34Jacob tore his clothes in grief and dressed in sackcloth. He mourned the death of his son for a long time. 35All his sons and daughters tried to console him, but he rejected their attempts. “No,” he said, “I will go down into my grave mourning for my son.” So Joseph's father went on weeping for him.
36In the meantime the Ishmaelites had arrived in Egypt and had sold Joseph to Potiphar. Potiphar was one of Pharaoh's officers, the captain of the guard.
37
Joseph the Dreamer
1Jacob stayed and lived in the land of Canaan. This is the same land where his father had lived. 2This is the story of Jacob’s family.
Joseph was a young man, 17 years old. His job was to take care of the sheep and the goats. Joseph did this work with his brothers, the sons of Bilhah and Zilpah. (Bilhah and Zilpah were his father’s wives.) Joseph told his father about the bad things that his brothers did. 3Joseph was born at a time when his father Israel was very old, so Israel loved him more than he loved his other sons. Jacob gave him a special coat, which was long and very beautiful.#37:3 beautiful The Hebrew means “striped,” or possibly, “many colored.” 4When Joseph’s brothers saw that their father loved Joseph more than he loved them, they hated their brother because of this. They refused to say nice things to him.
5One time Joseph had a special dream. Later, he told his brothers about this dream, and after that his brothers hated him even more.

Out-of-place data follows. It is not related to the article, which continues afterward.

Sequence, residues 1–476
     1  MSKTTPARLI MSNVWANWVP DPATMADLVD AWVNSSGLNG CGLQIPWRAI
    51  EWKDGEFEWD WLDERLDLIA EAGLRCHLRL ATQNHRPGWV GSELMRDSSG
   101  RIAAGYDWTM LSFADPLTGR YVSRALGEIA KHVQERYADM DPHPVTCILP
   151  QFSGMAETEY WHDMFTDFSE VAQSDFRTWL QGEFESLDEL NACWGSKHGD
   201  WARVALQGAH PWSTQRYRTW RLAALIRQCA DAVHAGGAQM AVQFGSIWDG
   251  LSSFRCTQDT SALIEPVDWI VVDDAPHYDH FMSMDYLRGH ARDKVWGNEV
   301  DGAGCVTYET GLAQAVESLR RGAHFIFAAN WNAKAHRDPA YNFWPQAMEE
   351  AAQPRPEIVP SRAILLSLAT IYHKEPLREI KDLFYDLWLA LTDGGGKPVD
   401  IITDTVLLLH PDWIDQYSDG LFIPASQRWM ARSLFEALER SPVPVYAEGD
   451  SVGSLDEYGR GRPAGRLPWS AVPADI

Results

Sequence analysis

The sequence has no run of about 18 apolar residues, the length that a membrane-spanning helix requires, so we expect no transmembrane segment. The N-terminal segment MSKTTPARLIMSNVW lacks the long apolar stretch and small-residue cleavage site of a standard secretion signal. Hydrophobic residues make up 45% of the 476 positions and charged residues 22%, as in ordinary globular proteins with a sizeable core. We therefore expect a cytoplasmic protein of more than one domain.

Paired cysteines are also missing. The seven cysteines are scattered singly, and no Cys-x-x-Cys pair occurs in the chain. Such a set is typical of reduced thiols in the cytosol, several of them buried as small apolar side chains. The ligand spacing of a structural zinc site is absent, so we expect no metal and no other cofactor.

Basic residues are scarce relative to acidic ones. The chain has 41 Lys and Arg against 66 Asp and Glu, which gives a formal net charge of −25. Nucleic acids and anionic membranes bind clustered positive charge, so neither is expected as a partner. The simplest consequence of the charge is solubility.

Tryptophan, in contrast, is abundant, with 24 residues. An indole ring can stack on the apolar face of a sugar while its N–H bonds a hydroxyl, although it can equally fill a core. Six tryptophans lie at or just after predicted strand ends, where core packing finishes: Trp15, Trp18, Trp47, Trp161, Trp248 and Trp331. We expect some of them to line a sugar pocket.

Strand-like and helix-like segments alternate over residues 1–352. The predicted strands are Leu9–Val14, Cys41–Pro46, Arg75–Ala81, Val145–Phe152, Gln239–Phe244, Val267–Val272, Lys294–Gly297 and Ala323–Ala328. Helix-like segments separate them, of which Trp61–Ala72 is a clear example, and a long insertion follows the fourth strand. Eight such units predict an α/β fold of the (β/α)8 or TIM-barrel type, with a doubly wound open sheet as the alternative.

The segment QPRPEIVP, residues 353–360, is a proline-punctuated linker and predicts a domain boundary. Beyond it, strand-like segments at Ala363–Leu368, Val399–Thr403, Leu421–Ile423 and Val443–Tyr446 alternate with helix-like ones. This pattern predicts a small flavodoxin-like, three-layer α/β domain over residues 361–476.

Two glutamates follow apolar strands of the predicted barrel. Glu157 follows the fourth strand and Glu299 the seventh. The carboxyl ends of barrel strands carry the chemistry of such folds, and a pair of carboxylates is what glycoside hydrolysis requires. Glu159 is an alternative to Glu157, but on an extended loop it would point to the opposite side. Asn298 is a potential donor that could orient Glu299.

6Joseph said, “I had a dream. 7We were all working in the field, tying stacks of wheat together. Then my stack got up. It stood there while all of your stacks of wheat made a circle around mine and bowed down to it.”
8His brothers said, “Do you think this means that you will be a king and rule over us?” His brothers hated Joseph more now because of the dreams he had about them.
9Then Joseph had another dream, and he told his brothers about it. He said, “I had another dream. I saw the sun, the moon, and eleven stars bowing down to me.”
10Joseph also told his father about this dream, but his father criticized him. His father said, “What kind of dream is this? Do you believe that your mother, your brothers, and I will bow down to you?” 11Joseph’s brothers continued to be jealous of him, but his father thought about all these things and wondered what they could mean.
12One day Joseph’s brothers went to Shechem to care for their father’s sheep. 13Jacob said to Joseph, “Go to Shechem. Your brothers are there with my sheep.”
Joseph answered, “I will go.”
14His father said, “Go and see if your brothers are safe. Come back and tell me if my sheep are all fine.” So Joseph’s father sent him from the Valley of Hebron to Shechem.